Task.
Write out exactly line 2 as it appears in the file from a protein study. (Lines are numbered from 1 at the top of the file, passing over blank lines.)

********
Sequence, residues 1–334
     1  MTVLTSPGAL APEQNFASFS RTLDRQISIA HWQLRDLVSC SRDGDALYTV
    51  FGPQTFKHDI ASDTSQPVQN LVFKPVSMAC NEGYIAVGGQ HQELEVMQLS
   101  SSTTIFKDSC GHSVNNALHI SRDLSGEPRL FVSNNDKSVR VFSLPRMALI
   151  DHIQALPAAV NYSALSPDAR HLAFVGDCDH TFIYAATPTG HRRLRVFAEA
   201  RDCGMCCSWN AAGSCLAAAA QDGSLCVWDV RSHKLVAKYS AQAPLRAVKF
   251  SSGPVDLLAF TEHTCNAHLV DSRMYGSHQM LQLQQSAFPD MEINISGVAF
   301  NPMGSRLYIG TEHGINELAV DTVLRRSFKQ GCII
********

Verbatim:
     1  MTVLTSPGAL APEQNFASFS RTLDRQISIA HWQLRDLVSC SRDGDALYTV